1. Setting: 
    • Creating an appropriate setting for a scene is a basic requirement for projecting emotional intensity. The reader will be able to relate as he has likely experienced the mood invoking power of a similar setting in life. An extreme example of this would be a haunted house. The point being that through correct use of color, sound and locale; setting becomes a powerful tool for emotionally connecting with the reader.
  2. Sense:
    • The five senses are our window on the world. Use this fact when you describe how your characters interact with the world you have created for them. How does the wind feel on their face? How does the infant that won't stop crying affect the character? We have all made associations with the world around us based on our senses and most of those associations are universal. Use that fact to relate to your readers.
  3. Time:
    • Time can be a great way to express an emotional state of being. When we are rushed the mood is tense. You've seen the movies where there is only 30 seconds left to disarm the bomb. Conversely, when we have plenty of time we may feel relaxed or bored.
  4. Vocabulary:
    • Vocabulary choice can be a clever way to project a feeling upon the reader without them even realizing. Use powerful words such as "triumph" instead of more plain sounding words such as "win." Also try noting the proper places to use soft or hard sounding words like "rub" vs "scrape." If it will not offend your target audience, then toss an occasional swear word into your character's dialogue. Be careful though, just as in real life, a strategic swear word will indicate emphasis but too many will come across as abrasive.
  5. Transitions:
    • Use scene transition to convey emotions. The safety of an airplane followed by a tense descent and subsequent crash landing. The relief when the reader learns no one was seriously hurt followed by the extreme fear when they realize they crashed on an island full of cannibals. This type of literary roller coaster ride will keep the reader in constant anticipation of the next scene while supplanting their own emotions based on a sequence of events in their own life that may have followed the same pattern.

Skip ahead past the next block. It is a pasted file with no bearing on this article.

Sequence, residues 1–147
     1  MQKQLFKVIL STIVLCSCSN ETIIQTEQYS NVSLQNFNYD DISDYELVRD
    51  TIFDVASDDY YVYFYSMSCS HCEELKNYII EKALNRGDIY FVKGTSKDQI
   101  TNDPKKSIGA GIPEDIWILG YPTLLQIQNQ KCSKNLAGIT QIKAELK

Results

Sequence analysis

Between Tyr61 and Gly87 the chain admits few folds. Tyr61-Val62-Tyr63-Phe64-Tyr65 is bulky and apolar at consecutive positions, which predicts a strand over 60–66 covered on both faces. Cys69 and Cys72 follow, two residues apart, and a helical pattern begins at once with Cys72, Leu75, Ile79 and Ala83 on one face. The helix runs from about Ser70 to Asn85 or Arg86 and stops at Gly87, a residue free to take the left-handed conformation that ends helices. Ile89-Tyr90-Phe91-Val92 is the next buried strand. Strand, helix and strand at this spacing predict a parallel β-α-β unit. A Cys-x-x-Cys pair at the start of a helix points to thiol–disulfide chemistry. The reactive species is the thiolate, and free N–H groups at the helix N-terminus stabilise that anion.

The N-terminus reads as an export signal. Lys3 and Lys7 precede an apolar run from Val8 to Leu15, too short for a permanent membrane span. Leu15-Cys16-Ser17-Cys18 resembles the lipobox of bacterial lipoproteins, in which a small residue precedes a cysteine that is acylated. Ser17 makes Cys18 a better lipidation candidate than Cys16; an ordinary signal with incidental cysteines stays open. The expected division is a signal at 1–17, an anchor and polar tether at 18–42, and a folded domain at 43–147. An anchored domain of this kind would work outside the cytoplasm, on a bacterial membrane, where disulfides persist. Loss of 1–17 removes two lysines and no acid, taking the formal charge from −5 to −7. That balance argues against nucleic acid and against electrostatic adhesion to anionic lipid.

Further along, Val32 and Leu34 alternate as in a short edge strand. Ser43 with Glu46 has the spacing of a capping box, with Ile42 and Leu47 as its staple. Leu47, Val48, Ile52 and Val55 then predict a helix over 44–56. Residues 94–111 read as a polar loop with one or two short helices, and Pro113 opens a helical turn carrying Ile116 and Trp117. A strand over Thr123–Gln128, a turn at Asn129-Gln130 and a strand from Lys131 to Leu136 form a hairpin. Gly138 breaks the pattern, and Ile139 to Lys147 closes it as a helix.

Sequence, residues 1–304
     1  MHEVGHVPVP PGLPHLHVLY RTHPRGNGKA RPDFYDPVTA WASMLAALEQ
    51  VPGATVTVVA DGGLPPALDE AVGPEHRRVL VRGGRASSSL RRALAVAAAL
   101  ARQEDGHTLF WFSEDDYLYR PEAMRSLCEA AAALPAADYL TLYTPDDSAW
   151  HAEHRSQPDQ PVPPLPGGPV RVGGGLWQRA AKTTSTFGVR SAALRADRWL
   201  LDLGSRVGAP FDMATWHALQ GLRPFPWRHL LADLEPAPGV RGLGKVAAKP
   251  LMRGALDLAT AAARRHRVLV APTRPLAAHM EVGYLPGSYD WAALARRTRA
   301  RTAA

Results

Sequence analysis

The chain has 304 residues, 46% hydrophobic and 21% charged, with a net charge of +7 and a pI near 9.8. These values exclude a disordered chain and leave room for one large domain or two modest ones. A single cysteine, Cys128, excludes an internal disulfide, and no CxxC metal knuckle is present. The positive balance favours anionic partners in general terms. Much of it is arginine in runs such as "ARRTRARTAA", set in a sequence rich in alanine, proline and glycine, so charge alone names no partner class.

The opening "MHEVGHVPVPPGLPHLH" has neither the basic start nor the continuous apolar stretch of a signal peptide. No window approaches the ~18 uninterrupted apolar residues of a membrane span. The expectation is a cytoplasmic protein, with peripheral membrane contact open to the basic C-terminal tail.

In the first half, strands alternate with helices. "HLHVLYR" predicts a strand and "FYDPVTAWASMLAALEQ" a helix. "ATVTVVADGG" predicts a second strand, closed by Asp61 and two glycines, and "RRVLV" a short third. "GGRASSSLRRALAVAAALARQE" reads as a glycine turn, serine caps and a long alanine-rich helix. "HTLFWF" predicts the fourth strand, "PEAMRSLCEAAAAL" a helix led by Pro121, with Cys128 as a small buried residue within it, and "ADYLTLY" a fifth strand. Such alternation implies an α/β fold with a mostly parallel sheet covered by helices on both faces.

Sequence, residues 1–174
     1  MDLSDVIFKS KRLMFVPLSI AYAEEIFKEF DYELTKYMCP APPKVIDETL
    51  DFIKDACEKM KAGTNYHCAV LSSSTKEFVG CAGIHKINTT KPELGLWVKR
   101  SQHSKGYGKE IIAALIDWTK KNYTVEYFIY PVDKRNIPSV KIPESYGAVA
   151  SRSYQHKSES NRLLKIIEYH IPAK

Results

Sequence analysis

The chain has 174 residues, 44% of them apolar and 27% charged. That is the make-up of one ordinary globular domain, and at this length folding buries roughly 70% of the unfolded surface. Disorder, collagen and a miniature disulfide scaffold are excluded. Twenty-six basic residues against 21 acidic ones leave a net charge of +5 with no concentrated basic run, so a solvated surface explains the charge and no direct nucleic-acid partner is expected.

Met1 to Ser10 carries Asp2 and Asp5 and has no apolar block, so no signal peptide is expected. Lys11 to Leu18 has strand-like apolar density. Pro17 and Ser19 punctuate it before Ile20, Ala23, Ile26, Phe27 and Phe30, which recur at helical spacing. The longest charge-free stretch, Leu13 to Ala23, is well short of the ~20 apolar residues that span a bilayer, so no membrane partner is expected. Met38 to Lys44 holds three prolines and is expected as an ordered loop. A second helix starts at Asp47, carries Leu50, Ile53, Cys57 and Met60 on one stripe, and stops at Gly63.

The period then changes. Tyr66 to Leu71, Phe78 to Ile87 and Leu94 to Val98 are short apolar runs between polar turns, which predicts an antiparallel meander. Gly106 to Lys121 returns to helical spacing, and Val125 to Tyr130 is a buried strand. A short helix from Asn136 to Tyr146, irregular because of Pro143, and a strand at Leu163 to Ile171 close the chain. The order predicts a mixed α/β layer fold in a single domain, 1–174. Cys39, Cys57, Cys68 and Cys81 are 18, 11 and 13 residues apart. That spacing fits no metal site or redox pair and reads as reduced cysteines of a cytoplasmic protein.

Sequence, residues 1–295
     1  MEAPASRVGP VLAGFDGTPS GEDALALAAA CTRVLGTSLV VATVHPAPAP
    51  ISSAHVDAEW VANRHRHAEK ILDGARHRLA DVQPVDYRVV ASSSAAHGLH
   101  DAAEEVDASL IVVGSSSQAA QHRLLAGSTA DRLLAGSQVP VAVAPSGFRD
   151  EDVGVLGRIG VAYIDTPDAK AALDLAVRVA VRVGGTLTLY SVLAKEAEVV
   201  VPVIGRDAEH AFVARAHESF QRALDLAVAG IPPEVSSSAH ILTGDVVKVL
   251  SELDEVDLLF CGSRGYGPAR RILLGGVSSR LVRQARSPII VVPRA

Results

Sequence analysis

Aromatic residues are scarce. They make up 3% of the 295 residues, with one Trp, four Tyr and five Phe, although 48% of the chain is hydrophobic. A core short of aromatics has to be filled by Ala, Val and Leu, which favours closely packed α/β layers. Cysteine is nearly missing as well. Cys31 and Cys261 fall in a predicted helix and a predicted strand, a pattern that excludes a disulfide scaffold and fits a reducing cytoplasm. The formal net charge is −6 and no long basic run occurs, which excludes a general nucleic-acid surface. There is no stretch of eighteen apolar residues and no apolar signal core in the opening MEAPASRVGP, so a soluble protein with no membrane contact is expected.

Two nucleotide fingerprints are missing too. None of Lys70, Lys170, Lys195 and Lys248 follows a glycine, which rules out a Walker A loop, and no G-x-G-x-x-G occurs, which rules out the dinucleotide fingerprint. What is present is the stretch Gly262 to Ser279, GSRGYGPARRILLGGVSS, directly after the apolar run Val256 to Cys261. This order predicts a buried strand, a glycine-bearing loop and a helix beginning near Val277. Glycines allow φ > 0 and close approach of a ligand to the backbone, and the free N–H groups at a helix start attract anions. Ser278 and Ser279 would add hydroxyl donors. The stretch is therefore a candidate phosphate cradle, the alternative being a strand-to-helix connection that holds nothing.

6. Realism:
    • All fantasy needs a basis in reality. For real people to connect with your characters at an emotional level your characters will need real flaws. People that seem perfect in real life are annoying and so too will your perfect characters appear annoying in your story. Analyze the personality traits of your characters closely so you can choose flaws and struggles that correspond to a similar personality type in the real world. The reader will recognize this personality type and make a mental connection to themselves or someone they know.
  7. Consequences:
    • The obvious advice in regards to consequences would be to make the actual consequences themselves realistic. At a basic level this means the good guys win and the bad guys lose. Even though this is not always the case in life, we as people can see definite patterns such as hard work paying off and thieves suffering karma.

      The less obvious piece of advice related to consequences would be a recommendation for the use of expressive language to make your reader feel the consequential emotions that affect your character as a result of some action or event in the story. For example, instead of writing: ìCarrie is excitedî, write: ìCarrieís heart began to beat intensely as the adrenaline surge through her body reached her brain when she read that last lotto number aloud. Just reading that example sentence got me thrilled as to what would happen if I won the lottery. Artfully describing a familiar emotional consequence will force your readers to reflect on similar feelings they may have had with an experience of their own.
  8. Milestones: